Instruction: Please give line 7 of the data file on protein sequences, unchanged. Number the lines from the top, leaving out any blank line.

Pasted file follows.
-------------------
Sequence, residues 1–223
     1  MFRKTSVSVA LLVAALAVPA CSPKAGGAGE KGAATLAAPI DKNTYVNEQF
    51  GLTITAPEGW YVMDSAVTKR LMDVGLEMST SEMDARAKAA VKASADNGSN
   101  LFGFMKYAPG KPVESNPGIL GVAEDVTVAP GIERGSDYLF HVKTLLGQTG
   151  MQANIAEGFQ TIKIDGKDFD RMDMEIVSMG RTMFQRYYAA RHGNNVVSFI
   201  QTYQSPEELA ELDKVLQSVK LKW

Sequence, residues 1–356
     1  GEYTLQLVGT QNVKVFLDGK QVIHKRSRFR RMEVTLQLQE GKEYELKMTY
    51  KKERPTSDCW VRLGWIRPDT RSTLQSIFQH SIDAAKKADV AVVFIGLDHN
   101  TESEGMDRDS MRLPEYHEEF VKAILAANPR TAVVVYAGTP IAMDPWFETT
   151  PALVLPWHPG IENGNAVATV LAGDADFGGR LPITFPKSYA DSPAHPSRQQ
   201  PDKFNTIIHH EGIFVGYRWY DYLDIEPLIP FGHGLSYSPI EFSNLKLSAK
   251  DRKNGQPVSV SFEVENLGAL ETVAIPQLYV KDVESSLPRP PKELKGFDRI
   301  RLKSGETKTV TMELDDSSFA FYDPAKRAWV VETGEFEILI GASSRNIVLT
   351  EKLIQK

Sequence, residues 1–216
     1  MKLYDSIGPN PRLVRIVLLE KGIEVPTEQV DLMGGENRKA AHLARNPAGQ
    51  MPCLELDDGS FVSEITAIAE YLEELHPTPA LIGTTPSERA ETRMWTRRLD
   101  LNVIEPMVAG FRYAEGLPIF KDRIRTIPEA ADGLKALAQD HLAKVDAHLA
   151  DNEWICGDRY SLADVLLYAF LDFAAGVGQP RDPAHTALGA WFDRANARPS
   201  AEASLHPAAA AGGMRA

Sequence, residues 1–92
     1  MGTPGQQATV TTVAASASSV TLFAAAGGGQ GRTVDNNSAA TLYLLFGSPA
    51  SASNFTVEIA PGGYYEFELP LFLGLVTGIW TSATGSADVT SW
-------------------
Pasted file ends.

Sequence, residues 1–356